The New Employee

Sadly, many new employees do not have the best day on their first day at work.

It’s pretty easy to blame human resources. Maybe you work for a company where the new employee program is boring, confusing, detached or (worse) absent. This will not be a good start for the enthusiastic new employee. However, because, as the supervisor, you will be the most important person to the new employee,
how you welcome her into the company will have the biggest impact.

One of my clients, Sam, supervised about fifteen help desk technicians. Sam’s day was filled with putting out fires – like customer computer issues, or fielding complaints about the help desk technicians who couldn’t solve those problems. When I met Sam, he was overwhelmed with repair work and people problems.

Most of the time, he was angry that his techs weren’t performing despite the fact they were all well-credentialed. Sam had no prior experience supervising employees, and was promoted because he was an excellent technician. Sound familiar? Sam hadn’t been trained as a new supervisor so he spent his days winging it. It was not a pretty picture – his employees received inconsistent interaction and Sam felt that he was in constant crisis mode.

Sam was discouraged. His staff did not seem cohesive, there was high absenteeism and work was not completed in a timely fashion. Overall, he was unhappy with his employees and their performance. He was at a loss.

We started with the basics – how were new employees welcomed and trained?

“By human resources,” he said. Once a new employee came to his unit, he figured they were ready to learn the IT systems at the company. Each new employee was given a week to train on the system and were then told to, “Feel free to ask questions whenever they wanted.” End of training.

We began the new program by reviewing how each employee had joined the company, how much time Sam had spent with them, what he knew about them, how each one fit into the group and what their career goals were. He was astonished to find how little information he had about his employees. He didn’t know much besides their names and assignments. Both of us agreed that some changes needed to be made. Sam was an active participant as we developed the New Employee Plan for his unit. This may be helpful to you, as well.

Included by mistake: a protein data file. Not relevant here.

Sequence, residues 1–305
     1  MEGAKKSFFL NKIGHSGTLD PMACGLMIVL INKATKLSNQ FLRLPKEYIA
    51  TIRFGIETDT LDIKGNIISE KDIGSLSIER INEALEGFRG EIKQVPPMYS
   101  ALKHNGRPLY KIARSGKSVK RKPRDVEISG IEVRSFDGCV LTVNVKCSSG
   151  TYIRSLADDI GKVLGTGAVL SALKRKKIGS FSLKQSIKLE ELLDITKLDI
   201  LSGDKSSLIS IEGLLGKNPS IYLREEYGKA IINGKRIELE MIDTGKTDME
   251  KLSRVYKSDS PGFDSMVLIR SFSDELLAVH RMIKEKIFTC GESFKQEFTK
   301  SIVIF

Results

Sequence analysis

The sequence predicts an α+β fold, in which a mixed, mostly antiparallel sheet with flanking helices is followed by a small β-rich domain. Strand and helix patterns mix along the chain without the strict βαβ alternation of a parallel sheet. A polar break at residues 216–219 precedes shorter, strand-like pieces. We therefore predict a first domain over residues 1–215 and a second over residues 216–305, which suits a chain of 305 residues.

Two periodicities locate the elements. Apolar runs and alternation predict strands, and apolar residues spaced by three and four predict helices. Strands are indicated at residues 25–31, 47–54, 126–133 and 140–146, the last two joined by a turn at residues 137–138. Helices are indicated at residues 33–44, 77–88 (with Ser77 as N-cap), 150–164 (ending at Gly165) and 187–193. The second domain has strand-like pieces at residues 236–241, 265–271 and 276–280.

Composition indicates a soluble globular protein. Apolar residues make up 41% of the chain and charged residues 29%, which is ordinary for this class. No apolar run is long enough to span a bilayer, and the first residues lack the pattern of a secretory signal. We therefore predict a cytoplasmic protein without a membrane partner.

The New Employee Plan:
  • Sam will personally welcome each new employee. He will accompany each one to his/her well-stocked workstation. Each new employee will be introduced to the other team members.
  • Sam will arrange a one-on-one meeting on the employee’s first day. One purpose of the meeting is to learn about the employee as a person. Sam will share a bit about himself, too. Sam will also discuss the purpose of the unit and how it fits into the needs of the company. He will talk about how his group works and what his general expectations are for the group as a whole. The meeting will take no longer than an hour, but preferably thirty minutes. If more than one employee arrives on a given day, he can meet with both at the same time.
  • Sam will arrange for the new employee to have a “Transition Mentor.” This mentor, a peer but not necessarily a technician, will show the new employee how to get supplies, explain various meetings, tell him who does what from a staffer’s point of view, and give information on how to get around town if the employee is new to the area. The company will pay for one lunch if that is mutually acceptable to the new employee and mentor. The Transition Mentor is a company companion or advocate during the orientation period for up to two weeks. The Transition Mentor goes to the new employee, rather than have the new employee seek out someone for general assistance.
  • Sam developed a thorough help desk training program, and assigned a designated trainer to work with new employees on technical training. The trainer is assigned for up to one month and advises Sam if the new employee seems to be struggling. In that case, Sam meets with the new employee to evaluate the best way to help.
  • Sam developed a thorough help desk training program, and assigned a designated trainer to work with new employees on technical training. The trainer is assigned for up to one month and advises Sam if the new employee seems to be struggling. In that case, Sam meets with the new employee to evaluate the best way to help.

 

Finally, Sam will follow-up with the new employee at the end of the three-month probationary period. If the employee has successfully completed the probationary period, together they will review the new employee’s progress and identify any concerns or outstanding issues. If there are any outstanding issues, Sam and the new employee commit to working these out.

If you give time and attention to the new employee from the very first day, you will have begun to lay the foundation for a positive relationship with that person. Just a little effort can offer big rewards later for you and your team.

 

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